This topic “Why is selling different for the professions?” is covered extensively in my book Dynamic practice development – Selling skills and techniques for the professions – here is an extract:
So why is selling different for the professions? There are many reasons:
Services not products
First, a professional person (e.g. a lawyer, accountant or surveyor) is selling an intangible service rather than a tangible product. In order to experience the service the buyer must commit to some element of purchase – so trust is a vital issue. Secondly, a professional service has a number of elements – there is the core expertise (in law, accountancy, property, technology etc) and there is the way that expertise is delivered. The relationship is part of that service delivery and client experience. Often, the buyer will not be qualified to make a decision as to the quality of the expertise. Most research shows that buyers of professional services either take the quality of expertise for granted or infer it on the basis of the quality of delivery.
People buying people
The quality of the service is based on the quality of the people providing that service. Therefore, in a professional service environment the buyer is trying to assess the quality of the individuals who will deliver that service. In effect, the salesman/woman is the service. People buy people. This idea is extended in the challenger/insight sales model – the person selling the service and the way that they do this becomes part of the value proposition.
Fear of failure
The professions are taught not to fail. The professions are not expected to fail. There is a risk averse culture. Professional indemnity is there to protect those unfortunate professionals who make mistakes or fail. Most practices are intolerant of failure. Early failures or mistakes in a professional career can have long lasting impact. It is therefore not surprising that most professionals fear selling because they lack training and confidence in selling. The professions need a sales process – to know what to do and how to do it and when. The professions fear ridicule and failure. They see selling as a risky business with regards to their career and their reputation. Yet, it is impossible to win every sale that you seek – therefore, implied in effective selling is the occasional failure. This is an incredibly hard attitudinal and cultural transition to make.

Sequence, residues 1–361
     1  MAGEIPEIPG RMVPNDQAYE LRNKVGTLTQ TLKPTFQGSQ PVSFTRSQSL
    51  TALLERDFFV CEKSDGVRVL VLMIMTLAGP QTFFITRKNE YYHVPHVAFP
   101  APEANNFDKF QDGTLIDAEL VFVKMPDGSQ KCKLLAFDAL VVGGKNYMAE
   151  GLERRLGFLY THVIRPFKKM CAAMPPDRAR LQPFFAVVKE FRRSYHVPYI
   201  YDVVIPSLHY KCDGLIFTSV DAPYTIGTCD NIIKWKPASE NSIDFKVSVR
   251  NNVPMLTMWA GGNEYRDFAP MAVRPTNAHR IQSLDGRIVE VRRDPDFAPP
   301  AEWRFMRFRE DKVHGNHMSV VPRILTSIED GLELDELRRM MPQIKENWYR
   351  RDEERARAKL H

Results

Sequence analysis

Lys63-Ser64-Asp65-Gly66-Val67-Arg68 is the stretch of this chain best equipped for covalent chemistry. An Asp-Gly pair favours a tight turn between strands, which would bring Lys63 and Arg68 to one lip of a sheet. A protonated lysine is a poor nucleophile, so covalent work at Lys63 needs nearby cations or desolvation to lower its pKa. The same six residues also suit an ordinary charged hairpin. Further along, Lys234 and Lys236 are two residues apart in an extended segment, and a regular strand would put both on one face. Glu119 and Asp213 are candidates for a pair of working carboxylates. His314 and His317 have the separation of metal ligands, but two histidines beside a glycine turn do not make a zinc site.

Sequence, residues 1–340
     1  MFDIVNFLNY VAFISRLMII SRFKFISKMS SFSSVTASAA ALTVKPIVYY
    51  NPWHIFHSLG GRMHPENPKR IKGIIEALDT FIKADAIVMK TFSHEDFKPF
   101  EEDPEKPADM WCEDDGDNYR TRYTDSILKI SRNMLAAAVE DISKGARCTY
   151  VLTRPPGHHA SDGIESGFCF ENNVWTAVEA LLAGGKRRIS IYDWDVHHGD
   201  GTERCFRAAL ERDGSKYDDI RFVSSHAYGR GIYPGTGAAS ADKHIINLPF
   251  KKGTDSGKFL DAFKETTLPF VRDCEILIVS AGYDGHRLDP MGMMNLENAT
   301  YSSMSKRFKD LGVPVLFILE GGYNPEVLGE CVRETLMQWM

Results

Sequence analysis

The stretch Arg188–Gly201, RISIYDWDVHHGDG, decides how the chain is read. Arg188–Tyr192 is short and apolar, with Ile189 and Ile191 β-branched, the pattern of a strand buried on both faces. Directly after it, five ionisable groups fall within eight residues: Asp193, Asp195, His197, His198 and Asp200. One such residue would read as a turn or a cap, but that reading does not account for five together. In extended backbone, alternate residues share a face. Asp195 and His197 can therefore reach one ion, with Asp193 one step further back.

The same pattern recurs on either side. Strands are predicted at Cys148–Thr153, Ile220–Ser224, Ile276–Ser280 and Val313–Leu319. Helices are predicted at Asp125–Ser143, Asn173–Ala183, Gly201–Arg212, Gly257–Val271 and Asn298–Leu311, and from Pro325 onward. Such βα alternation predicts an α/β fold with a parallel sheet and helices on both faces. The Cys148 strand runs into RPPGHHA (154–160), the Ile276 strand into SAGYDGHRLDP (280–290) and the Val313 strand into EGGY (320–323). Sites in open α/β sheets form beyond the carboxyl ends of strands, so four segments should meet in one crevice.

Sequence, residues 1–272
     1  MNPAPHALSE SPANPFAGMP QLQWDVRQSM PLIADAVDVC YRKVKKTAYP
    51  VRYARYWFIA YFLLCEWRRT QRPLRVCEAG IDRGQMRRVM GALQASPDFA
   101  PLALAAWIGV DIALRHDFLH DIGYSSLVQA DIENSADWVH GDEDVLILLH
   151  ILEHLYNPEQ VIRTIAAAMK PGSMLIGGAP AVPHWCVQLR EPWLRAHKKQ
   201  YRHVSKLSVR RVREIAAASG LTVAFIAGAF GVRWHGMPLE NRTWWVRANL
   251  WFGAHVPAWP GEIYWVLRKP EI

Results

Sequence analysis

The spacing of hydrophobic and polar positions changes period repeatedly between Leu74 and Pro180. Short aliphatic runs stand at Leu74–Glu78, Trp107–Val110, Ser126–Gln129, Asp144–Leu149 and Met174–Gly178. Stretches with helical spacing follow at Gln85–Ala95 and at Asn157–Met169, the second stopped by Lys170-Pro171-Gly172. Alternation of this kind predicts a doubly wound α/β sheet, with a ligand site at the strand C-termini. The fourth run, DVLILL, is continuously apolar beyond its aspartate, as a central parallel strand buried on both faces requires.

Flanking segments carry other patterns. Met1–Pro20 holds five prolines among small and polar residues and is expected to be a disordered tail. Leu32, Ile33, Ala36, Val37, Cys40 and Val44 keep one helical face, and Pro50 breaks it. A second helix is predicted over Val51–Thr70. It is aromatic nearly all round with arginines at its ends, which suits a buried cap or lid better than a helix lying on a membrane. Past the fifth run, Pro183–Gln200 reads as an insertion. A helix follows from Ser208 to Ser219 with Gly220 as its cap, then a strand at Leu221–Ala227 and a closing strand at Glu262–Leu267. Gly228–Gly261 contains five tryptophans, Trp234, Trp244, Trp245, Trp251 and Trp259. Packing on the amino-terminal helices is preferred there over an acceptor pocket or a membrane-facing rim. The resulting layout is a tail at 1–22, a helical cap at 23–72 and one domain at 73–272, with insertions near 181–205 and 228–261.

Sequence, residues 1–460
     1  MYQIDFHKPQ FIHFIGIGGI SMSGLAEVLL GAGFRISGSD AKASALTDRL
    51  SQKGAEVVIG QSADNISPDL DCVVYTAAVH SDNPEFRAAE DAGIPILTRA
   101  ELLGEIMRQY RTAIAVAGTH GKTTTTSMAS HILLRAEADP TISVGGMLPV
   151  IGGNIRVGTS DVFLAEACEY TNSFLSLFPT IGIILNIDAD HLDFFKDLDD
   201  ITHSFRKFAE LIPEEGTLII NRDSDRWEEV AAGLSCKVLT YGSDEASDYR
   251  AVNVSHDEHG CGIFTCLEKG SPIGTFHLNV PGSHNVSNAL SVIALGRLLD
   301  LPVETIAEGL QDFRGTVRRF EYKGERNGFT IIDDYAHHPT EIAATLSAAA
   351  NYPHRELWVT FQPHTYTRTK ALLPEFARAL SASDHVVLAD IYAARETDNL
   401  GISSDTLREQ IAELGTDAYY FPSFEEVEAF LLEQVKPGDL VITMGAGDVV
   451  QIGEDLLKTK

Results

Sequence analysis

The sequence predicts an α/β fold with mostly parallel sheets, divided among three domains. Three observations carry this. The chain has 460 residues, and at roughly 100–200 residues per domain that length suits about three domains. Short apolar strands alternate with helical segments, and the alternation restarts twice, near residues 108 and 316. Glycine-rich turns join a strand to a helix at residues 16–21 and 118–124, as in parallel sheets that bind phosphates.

Outside their comfort zone
Typically, professionals operate in a role as technical adviser. Where they provide advice in a narrow area of expertise. The relationship manager role – needed for effective selling – has almost the opposite set of qualities and attributes and behaviours. It is challenging for professional experts to step into this different role. It is unfamiliar to them.
Do it all
The professional has to undertake a multiplicity of roles. They have to do the marketing, the selling and then actually produce the service and deliver it to the client as well as supervise the work and organise billing and payment. Each professional must therefore acquire and use a wide range of skills which in other types of companies would be focused in specialist units (e.g. sales, finance, quality control etc). The book “Essential soft skills for lawyers” explores the wide range of soft skills needed.